Unfamiliarity is good for future leaders
I found this very interesting, particularly as I've just returned from America where I had been surprised by the number of high school principals who had started their management careers in elementary (primary) schools or middle schools.
One of the reasons I was surprised was that the system there is so oriented to performance measurement if something does not improve the numbers, it won't be continued. Yet, there is no apparent difference in the performance of schools led by leaders who have only worked in the high school setting and those who are led by leaders who were first in the elementary setting.
So where does that leave us in Scotland? Well, it doesn't happen. So why not? One of the reasons often given is that primary schools are so different from secondary schools or there's the exam system, the timetable, pupil behaviour, the structure of departments and often the difference in the number of pupils. Yet, one could argue, such elements are all at the technical end of the spectrum: that is, they can be learned.
What's been reinforced in all reports and literature relating to educational leadership is that the big management issues people and culture are absolutely the same in primary and secondary schools.
When I moved from being a secondary headteacher to head of education, no one batted an eyelid. Yet, no one could have suggested that I had all the technical knowledge necessary to do the job. I had developed a set of transferable leadership and management skills which allowed me to take up my post; the rest I learned on the job.
So why couldn't an outstanding primary head be considered for a position as head of a secondary school, especially when we are experiencing such a shortage of high quality candidates for such posts?
If the reason is to do with size, it would mean that any head of a small secondary school could never be considered for the post of head of a large secondary school. It ought also to be possible for secondary promoted teachers to gain important leadership experience by being appointed to management posts in primary schools. I can think of huge benefits to be gained from such cross fertilization.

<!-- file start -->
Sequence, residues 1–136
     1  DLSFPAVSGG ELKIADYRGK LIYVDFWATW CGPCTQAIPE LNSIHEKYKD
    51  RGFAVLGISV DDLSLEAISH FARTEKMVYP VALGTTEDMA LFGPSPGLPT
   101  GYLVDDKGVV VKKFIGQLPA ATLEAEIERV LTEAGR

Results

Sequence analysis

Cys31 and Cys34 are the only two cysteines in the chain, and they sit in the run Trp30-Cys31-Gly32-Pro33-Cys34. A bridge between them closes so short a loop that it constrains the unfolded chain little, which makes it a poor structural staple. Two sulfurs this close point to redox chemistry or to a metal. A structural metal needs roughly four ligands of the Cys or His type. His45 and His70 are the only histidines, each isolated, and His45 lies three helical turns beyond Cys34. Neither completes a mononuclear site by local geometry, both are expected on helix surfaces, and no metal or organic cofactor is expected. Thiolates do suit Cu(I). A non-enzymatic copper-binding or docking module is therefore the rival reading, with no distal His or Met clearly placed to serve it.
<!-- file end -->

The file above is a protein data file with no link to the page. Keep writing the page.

The Association of Headteachers and Deputes in Scotland and the Headteachers' Association of Scotland recognise the huge leadership crisis facing Scotland in the next few years, requiring the need to nurture and develop our leaders of the future.
I can think of no better way of developing future leaders than by placing them in sectors with which they are not familiar. Imagine the range of skills and knowledge they would develop.
So what are the barriers? I can think of several: parents might wonder, "How will they control the kids?"; secondary teachers, steeped in their subject areas, might think, "They don't understand what is required to get kids through Highers"; and job-sizing issues might limit some from making the switch. But none of these is insurmountable.
It's interesting to reflect that there might be less of an obstacle for a person going from secondary into primary: there are examples of such appointments.
The real question is given the emerging leadership recruitment crisis in Scotland, can we really afford to continue to see leadership in primary and secondary schools as operating within different worlds?
Don Ledingham is head of education in East Lothian Council. This is the first of a monthly series